Swords into Plowshares

by Brian Walsh

I often visit an Old Order Mennonite community in Belize when I am teaching for the Creation Care Studies Program. This community has a mill that they have built on the side of a river. At the mill they both grind their grain and cut their wood. The whole place is a marvel of recycling. The guts of the operation consist of old drive shafts from junkyard pick-up trucks. But what I love the most about this place is that the large wheel around which the biggest saw blade rotates was salvaged off of an old British Army tank.

Talk about beating your swords into plowshares!

Here this community has taken an implement of war and transformed it into a tool of community building.

And that is the hope and longing of Advent. Isaiah says that when the Lord returns to Zion,

They shall beat their swords into plowshares,
and their spears into pruning hooks;
nation shall not raise sword against nation,
neither will they learn war any more.

That’s the hope. That’s the longing that gets reignited every Advent.

We enter into a new year, the new year of the Christian calendar, not just with cheap resolutions and renewed optimism, but with a deep and aching longing for this hope to be fulfilled. We long for the angel’s words to be true, “Peace on earth and goodwill to all.” We long anew for the coming of the Prince of Peace.

So here’s my question. If this is the heart of Christian hope, then why are Christians such a violent tribe on the face of the earth? Or, at the risk of sounding indelicate, why are Christians in North America, especially evangelical Christians, amongst the most war-mongering, national-security, support-our-troops, kill-the-enemy, and bring-back-capital-punishment folks in the population?

Well, I think there are lots of reasons, but I’m going to suggest that a decidedly unbiblical eschatology is at the heart of the problem. You see, if you have a hope that is more concerned with going to heaven and seeing your enemies all face the cataclysm of divine wrath, then language of swords beaten into plowshares and nations no longer raising swords against nations will not make any sense to you. There are too many pagans out there who will need to feel the wrath of the sword, or the Exocet missile as the case may be.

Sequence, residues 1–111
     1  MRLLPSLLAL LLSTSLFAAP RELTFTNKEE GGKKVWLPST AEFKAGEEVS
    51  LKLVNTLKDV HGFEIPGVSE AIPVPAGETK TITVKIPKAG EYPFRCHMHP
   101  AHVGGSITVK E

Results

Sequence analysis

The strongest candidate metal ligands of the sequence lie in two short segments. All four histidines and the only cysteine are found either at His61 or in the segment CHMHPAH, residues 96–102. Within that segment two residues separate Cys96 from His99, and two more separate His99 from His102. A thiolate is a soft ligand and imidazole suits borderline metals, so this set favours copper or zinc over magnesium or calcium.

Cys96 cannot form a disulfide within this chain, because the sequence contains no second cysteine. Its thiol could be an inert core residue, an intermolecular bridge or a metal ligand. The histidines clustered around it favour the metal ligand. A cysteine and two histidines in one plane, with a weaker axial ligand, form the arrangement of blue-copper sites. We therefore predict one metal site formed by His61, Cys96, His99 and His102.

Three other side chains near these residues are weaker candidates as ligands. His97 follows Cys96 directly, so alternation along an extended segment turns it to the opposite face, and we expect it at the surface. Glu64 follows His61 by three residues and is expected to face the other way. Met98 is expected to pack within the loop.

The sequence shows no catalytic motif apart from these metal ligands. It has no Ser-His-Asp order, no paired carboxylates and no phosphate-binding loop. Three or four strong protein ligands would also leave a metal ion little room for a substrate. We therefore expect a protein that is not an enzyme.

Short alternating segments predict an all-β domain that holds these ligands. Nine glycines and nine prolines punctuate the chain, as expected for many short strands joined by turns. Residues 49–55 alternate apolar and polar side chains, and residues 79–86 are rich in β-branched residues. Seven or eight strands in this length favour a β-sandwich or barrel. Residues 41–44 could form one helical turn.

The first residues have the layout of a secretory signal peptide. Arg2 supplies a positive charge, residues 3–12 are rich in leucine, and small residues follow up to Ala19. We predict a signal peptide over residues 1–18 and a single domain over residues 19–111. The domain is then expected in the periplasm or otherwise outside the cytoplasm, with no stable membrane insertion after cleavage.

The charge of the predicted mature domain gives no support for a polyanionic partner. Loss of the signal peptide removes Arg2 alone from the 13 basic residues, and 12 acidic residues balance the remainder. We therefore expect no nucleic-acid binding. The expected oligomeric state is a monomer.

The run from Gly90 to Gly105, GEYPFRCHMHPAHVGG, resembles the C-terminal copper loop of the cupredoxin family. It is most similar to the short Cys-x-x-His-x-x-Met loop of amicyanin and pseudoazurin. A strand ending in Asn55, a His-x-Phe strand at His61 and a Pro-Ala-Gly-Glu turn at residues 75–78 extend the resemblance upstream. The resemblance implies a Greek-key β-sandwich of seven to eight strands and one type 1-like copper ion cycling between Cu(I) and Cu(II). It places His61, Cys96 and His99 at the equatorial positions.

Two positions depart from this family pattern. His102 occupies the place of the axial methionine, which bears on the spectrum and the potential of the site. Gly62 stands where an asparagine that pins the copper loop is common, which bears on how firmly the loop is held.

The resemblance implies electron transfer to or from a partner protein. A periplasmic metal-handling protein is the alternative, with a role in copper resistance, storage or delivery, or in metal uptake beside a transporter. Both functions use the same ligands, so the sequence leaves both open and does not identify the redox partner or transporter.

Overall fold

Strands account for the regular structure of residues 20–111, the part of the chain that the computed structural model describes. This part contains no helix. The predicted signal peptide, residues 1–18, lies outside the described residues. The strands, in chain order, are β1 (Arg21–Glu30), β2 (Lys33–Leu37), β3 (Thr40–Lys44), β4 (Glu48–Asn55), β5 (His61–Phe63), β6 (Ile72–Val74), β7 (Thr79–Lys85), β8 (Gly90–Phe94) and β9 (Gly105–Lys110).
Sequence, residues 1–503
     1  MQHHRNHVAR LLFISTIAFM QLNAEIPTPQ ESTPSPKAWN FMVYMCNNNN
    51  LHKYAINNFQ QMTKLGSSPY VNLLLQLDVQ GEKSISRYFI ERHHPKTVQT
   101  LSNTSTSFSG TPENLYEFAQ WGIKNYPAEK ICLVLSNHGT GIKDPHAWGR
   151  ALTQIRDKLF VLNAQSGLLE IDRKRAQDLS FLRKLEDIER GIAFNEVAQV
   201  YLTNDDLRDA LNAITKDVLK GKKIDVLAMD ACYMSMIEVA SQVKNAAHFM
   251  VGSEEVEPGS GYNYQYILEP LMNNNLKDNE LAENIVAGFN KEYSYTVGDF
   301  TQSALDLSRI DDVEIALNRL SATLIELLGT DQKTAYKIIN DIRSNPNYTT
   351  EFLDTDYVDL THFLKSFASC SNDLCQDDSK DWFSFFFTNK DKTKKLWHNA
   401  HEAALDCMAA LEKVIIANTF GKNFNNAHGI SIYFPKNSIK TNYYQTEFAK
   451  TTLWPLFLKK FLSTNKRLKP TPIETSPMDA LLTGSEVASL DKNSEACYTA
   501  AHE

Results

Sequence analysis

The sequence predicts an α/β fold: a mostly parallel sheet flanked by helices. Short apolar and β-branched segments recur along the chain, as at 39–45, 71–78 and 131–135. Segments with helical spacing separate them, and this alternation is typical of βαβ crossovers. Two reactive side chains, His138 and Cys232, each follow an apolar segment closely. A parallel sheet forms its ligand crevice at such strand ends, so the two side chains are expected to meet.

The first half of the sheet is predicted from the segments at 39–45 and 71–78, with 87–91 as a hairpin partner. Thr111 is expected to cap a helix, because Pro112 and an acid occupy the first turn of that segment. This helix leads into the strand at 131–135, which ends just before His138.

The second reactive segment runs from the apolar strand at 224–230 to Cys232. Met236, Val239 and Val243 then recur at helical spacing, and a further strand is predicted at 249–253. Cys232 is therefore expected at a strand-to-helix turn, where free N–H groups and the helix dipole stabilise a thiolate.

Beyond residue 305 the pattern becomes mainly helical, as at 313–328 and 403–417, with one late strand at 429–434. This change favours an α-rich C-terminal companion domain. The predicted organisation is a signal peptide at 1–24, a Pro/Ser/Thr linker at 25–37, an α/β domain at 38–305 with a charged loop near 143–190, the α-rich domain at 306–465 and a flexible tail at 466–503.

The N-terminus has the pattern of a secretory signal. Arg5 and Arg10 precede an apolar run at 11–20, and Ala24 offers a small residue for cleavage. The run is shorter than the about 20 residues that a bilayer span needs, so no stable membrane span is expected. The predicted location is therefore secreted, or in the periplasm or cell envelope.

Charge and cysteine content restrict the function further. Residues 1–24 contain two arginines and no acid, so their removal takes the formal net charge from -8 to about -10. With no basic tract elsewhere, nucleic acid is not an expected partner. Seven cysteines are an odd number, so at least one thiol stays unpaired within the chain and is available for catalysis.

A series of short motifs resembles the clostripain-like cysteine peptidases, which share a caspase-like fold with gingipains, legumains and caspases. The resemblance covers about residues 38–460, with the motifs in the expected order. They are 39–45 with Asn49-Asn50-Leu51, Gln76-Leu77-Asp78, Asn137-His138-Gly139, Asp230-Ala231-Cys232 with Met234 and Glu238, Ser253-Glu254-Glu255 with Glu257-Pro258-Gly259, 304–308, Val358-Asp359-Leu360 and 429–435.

There are lots of ways to miss Advent. Having a misplaced hope in a heavenly existence outside of the realities of this broken world is one of the most sure ways to miss the point.

Brian Walsh
Brian is an activist theologian, a retired CRC campus minister, the founder of the Wine Before Breakfast community, and farms with Sylvia Keesmaat at Russet House Farm.He engages issues of theology and culture, and has written a couple of books you might want to check out. His most recent offering is cowritten with Sylvia Keesmaat and entitled Romans Disarmed: Resisting Empire, Demanding Justice.

2 Responses to “Swords into Plowshares”

  1. andrew

    Brian – Great post.

    On Sunday, many Christians throughout the world read that very same passage alongside an apocalyptic-sounding passage from Matthew’s gospel:

    “Then two will be in the field; one will be taken and one will be left. Two women will be grinding meal together; one will be taken and one will be left. Keep awake therefore, for you do not know on what day your Lord is coming.”

    If you’re talking about an unbiblical eschatology, what do we do with this? Passages like this have spawned songs like Larry Norman’s “I Wish We’d All Been Ready.” Each verse in that song ends with the lyric: “the Son has come and you’ve been left behind.”

    I suppose you’re suggesting it’s a good thing to be left behind. In the context of the gospel passage and its references to Noah perhaps it would be better to be left behind (to continue the work of God on earth) than to be swept away. What do you think?

    • Brian

      Thanks for the question, Andrew. Hold that thought and wait for a post tomorrow.


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